The Western Church: Whose Kingdom?
I’ve wondered for a while now what would happen to churches in America if suddenly we were not some of the wealthiest people in the world. What if our offerings and our buildings and our paid workers all went away? What if our padded seats, our big screens, our designer coffee, our perfectly conditioned air and our automatic toilets, sinks and hand-dryers all went the way of the dodo? What would we look like then? How would we live? Would we even know how to keep meeting? (Honestly, this could be a whole other blog post)
But I’m not writing this to condemn wealth. Wealth is not sinful. I’m writing this because I believe we have not sold everything to buy the field with the treasure in it. Instead, we have held on to what we can produce of our own strength and ingenuity and at the same time we languish in spiritual poverty wondering why we feel so dry and empty.
I’m writing this because I believe we [the Western Church] have not sold everything to buy the field with the treasure in it.
Jesus invites us to pursue a Kingdom that pursues us, rather than devour a kingdom that devours us. This is so upside-down for us Westerners who have enjoyed generations of wealth produced, we think, by our own hard work. We have forgotten the warning of Moses to the children of Israel as they were about to inherit the promised land (read Deuteronomy chapter 8), where Moses writes:
“You may say to yourself, ‘My power and the strength of my hands have produced this wealth for me.’ But remember the Lord your God, for it is he who gives you the ability to produce wealth, and so confirms his covenant, which he swore to your forefathers, as it is today.” ~ Deuteronomy 8:17-18 (NIV)
If we put the gifts ahead of the Giver, we end up losing both. It hearkens back to the first commandment: You shall have no other Gods. This is a command meant to bless, as are all of God’s commands. It’s when the one true God is our God that we are most blessed. When we choose our own god, we are cursed.
It’s amazing to me how many Christians virtually hold up the American dream as one of the fruits of the Spirit. Try speaking any of Jesus’ words about wealth from the gospels and you will quickly feel the heat of this topic. However, in our pursuit of the dream we have often mortgaged our own spiritual growth and lasting gifts for the next generation, all for comfort now – and then we call it ‘wise stewardship.’ Wise stewardship aside, a lot of Christians will not be able to see His kingdom when their kingdom of money collapses and the lights in their church are turned out.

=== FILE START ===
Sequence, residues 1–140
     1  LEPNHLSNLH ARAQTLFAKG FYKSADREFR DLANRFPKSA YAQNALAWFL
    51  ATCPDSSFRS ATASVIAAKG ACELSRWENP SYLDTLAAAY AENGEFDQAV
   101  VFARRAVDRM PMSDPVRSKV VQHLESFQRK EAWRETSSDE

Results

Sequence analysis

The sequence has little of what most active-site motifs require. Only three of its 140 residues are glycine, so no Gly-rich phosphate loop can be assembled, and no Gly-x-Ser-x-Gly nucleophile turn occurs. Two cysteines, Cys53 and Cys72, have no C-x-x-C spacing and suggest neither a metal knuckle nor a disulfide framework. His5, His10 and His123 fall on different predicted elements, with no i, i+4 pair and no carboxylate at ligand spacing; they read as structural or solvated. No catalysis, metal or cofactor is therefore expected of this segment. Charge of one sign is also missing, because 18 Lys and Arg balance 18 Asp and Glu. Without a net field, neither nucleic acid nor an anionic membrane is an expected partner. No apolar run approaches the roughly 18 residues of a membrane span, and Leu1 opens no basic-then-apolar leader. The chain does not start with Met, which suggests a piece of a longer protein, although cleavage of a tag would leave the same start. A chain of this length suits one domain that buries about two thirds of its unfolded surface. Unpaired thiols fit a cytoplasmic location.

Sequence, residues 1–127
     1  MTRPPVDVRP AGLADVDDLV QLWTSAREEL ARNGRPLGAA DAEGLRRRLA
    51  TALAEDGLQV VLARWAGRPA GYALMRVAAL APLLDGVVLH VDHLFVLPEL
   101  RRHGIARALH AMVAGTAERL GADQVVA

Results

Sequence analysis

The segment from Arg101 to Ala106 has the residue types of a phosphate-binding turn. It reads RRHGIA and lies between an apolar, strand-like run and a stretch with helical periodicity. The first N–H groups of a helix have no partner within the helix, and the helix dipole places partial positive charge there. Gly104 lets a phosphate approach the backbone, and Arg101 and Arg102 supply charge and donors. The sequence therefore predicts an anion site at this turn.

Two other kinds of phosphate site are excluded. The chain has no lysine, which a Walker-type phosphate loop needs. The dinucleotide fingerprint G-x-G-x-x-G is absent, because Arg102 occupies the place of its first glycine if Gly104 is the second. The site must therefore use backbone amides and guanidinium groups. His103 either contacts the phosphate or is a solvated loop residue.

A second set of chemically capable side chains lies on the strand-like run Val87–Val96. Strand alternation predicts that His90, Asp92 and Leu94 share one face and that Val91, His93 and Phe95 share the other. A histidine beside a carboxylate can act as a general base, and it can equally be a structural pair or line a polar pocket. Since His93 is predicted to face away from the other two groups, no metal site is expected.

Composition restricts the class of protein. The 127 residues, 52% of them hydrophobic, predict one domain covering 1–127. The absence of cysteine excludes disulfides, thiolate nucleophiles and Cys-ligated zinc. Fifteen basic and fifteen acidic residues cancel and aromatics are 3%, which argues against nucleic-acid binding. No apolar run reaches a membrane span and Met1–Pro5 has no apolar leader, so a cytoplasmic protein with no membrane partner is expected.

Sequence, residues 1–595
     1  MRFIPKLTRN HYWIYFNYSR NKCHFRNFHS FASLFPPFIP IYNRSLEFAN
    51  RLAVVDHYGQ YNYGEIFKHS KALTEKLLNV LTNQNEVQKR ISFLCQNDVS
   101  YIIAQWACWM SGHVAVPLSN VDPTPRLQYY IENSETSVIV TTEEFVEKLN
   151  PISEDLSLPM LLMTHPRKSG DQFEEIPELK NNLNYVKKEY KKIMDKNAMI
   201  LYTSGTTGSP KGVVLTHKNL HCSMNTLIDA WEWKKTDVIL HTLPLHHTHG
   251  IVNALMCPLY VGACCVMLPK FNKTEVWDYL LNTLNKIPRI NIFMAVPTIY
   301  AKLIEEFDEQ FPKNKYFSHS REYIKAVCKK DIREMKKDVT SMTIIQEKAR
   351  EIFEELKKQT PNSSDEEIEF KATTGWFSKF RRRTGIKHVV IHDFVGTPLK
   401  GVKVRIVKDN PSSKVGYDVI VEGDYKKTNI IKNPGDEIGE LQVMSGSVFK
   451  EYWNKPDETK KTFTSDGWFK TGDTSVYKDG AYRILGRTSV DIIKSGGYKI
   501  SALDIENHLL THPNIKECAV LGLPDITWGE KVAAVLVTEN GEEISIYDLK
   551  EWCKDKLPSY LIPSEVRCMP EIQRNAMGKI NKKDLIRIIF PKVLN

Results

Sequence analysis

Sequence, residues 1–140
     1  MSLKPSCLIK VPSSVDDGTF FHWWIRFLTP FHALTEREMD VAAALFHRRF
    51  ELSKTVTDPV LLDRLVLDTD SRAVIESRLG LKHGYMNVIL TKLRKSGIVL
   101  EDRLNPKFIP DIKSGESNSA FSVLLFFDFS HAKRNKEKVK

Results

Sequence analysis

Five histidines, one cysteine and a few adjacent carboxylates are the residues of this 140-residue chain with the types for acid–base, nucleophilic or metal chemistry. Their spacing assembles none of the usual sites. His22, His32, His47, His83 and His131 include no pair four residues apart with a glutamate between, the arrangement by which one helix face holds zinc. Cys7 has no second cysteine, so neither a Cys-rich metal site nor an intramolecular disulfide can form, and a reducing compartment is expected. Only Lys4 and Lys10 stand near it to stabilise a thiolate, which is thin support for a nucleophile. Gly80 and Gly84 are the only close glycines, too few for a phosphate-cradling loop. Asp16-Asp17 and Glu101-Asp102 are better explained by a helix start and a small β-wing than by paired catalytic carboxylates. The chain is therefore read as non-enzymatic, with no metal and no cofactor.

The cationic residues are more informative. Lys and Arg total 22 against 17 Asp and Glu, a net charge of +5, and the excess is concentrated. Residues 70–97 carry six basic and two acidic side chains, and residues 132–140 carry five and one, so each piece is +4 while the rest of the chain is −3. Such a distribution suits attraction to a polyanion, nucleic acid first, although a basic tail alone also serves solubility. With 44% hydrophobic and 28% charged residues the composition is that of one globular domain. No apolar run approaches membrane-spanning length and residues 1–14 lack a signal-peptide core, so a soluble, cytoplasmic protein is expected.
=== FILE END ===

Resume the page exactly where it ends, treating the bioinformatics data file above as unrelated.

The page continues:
Jesus invites us to pursue a Kingdom that pursues us, rather than devour a kingdom that devours us.
What God Values
The amazing twist in this whole plot is that the King of the Kingdom of Heaven sold it all to buy you! You are worth the shedding of His own blood, to be bought at the highest price imaginable – not with all the silver and gold in the world – but with the holy, precious blood of Jesus.
The amazing twist in this whole plot is that the King of the Kingdom of Heaven sold it all to buy you!
When you realize what God has paid for you, it is beyond humbling. It changes your relationship to the material blessings He gives. They are no longer the goal of life, but rather gracious blessings to be enjoyed, to be shared, to be used to both bless others and to pursue Him and His kingdom.
If we, in the Western Church, lived in this knowledge with all the material blessings afforded us by our God who spared no expense in saving us, oh my! What miracles we would see! What amazing transformation we would witness in the lives of people! What real life stories of lavish generosity we would have the honor of participating in!
The God of the universe has found you again today and purchased you at the highest cost! You are His, without a doubt! You are priceless to Him! Believe this above anything else. Believe it above whatever physical and material gifts He has given you. Pursue this Kingdom that pursues you. It’s worth everything you’ve got!